A few years ago I took an old picnic cooler, cut a square hole in one corner large enough for a cat to go through, put an old blanket on the bottom, and set it on our back step. It was meant as a shelter for our cats if they were outside in cold or stormy weather.
Tuesday morning Chris opened the door to let Angus and Poolie go outside. A half-grown kitten emerged from the cat shelter and walked in the open door. He has made himself right at home here, even though we’re not sure we need another cat. Angus and Pookie are especially dubious about that.
He is obviously accustomed to being a house cat and has been well cared for, though probably went a day or two without food. He is going to be big, his ancestry is probably largely Norwegian Forest cat, (I had to look that up, I knew there was a long-haired Norwegian cat with a ruff, the only name that came to mind was Norwegian Elkhound and that’s a dog so it couldn’t be right.)
If he had been a stray that long hair would be messy and matted, and it wasn’t. He didn’t wander in from the farm next door (we asked) and the next closest house is a kilometre away. Chris’s guess is that he is getting to the age that he should be neutered and the previous owner didn’t want to pay the vet bill.
He is gentle, friendly, playful, cute and pushes himself into the middle of whatever is happening. Chris thinks we should call him Frosty, for the colour of the fur on his back. I’m afraid that if we give him a name that means we have accepted him as part of the family.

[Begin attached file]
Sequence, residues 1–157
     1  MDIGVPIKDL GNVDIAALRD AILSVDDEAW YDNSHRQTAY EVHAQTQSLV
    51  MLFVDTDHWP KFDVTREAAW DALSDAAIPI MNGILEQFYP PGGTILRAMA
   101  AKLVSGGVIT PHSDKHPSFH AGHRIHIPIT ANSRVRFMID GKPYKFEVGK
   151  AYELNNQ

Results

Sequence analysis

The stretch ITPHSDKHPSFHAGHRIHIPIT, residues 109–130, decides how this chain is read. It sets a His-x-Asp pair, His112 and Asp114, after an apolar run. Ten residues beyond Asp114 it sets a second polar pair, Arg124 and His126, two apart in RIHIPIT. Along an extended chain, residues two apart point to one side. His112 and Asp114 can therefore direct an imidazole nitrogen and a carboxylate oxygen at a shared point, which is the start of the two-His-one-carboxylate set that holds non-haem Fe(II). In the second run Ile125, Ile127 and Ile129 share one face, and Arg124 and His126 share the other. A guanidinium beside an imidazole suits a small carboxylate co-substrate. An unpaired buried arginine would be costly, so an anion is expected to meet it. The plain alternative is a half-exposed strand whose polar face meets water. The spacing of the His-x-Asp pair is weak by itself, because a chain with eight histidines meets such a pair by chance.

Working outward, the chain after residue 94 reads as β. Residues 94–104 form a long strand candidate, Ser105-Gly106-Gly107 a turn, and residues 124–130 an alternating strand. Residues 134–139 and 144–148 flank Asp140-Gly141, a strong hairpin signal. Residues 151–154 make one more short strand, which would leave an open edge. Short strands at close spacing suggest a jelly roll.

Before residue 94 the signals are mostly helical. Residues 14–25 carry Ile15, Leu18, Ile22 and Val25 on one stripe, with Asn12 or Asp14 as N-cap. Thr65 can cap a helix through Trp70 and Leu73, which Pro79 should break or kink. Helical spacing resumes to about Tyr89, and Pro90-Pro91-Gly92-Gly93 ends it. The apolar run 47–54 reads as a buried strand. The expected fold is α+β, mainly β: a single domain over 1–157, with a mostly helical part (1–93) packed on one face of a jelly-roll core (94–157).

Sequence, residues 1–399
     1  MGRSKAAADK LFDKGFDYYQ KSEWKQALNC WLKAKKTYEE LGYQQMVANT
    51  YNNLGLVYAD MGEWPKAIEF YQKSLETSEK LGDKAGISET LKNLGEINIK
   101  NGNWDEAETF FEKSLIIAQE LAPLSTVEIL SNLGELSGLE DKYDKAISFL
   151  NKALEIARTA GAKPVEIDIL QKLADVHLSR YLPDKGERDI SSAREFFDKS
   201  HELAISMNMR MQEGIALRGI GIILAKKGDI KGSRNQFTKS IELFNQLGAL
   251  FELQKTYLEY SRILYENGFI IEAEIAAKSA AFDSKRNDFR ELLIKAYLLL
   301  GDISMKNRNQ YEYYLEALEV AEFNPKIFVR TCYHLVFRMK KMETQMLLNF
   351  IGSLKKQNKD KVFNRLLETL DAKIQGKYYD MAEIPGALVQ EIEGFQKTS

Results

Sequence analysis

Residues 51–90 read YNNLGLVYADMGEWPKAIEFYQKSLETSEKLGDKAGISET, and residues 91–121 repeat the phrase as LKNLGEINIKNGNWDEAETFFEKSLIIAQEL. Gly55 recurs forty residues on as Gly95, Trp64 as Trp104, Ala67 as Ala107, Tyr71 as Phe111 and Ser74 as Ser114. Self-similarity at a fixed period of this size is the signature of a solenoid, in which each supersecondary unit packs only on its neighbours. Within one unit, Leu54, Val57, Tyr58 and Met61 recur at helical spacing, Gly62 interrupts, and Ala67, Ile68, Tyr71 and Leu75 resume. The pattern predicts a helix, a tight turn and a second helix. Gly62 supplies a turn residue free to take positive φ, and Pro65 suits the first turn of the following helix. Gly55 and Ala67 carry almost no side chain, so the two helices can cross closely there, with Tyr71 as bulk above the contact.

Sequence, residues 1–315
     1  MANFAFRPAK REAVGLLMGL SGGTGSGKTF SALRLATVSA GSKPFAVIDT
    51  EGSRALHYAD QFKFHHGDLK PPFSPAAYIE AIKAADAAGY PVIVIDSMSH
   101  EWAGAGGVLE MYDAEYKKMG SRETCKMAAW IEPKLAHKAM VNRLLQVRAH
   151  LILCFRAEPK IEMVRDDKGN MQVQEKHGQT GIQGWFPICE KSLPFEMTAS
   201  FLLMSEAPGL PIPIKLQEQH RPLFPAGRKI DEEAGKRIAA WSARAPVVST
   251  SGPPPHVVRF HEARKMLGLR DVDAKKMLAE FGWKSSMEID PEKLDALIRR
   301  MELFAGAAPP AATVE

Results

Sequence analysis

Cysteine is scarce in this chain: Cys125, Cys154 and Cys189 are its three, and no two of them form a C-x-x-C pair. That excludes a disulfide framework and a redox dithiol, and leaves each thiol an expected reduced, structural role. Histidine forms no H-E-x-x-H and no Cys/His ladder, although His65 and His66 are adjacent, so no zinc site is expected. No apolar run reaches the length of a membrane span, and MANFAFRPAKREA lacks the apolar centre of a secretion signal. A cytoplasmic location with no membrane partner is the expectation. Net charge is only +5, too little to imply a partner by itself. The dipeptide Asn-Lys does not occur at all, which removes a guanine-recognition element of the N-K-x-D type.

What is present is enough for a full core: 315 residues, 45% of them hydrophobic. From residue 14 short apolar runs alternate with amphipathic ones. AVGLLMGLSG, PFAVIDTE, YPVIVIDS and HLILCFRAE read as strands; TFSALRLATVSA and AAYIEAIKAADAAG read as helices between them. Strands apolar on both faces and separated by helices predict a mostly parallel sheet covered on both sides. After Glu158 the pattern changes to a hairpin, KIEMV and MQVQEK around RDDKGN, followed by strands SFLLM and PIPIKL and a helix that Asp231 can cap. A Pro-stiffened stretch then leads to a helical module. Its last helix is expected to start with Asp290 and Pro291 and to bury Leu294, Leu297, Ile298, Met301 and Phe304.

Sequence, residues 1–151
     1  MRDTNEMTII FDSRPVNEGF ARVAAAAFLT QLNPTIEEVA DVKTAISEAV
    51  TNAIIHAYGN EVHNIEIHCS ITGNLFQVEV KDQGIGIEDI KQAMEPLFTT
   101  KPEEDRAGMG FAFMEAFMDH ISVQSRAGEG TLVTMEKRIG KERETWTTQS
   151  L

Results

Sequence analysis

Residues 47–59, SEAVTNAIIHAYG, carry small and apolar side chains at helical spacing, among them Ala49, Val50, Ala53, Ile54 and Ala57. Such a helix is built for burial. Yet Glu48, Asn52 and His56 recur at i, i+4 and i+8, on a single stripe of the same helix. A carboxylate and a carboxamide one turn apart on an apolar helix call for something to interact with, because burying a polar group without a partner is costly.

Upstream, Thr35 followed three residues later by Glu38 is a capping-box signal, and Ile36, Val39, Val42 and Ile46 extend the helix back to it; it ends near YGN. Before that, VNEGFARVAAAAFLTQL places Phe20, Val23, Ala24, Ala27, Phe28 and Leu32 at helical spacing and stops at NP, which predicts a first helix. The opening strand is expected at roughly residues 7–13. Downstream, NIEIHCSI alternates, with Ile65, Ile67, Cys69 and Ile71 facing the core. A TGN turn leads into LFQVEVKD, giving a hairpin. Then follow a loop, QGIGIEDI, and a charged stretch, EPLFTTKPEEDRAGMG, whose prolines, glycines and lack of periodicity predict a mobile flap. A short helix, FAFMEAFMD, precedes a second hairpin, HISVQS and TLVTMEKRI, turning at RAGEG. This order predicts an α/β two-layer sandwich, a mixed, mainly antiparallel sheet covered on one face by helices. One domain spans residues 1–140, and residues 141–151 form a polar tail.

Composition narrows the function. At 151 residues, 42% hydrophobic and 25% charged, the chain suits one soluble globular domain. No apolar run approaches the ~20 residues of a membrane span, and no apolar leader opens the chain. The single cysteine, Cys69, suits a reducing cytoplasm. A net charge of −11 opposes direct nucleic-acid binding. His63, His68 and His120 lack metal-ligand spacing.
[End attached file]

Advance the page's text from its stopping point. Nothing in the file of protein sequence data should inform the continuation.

We used to have a nice screen door. We still have the door, but it’s not so nice anymore. The wind slammed it against the railing, more than once. I tried to straighten it, but it will never fit right again. Then the latch mechanism wore out. It would cost a lot to replace the latch and the door is no longer worth that kind of repair. So I installed plain handles inside and out and an old-fashioned screen door catch that goes snap! when we open the door and snap! when we close it.
One of our cats has always been wary of doors. Angus is afraid there might be something scary on the other side; he approaches with caution and peers to see what might be out there before stepping through the open door. The snap! the door now makes has unnerved him. He comes to the door and meows to come in. Before I even open the door, he has run halfway down the walk. I guess it’s the back door for Angus from now on. At least until he gets used to the snap! of the front door.
Pookie, our other cat, trusts that whatever we have done to that door is not any danger to him. He is not going to let a snap! stop him from going through an open door.
This has got me to wondering – when God shows me an open door, am I like Angus? Or am I like Pookie?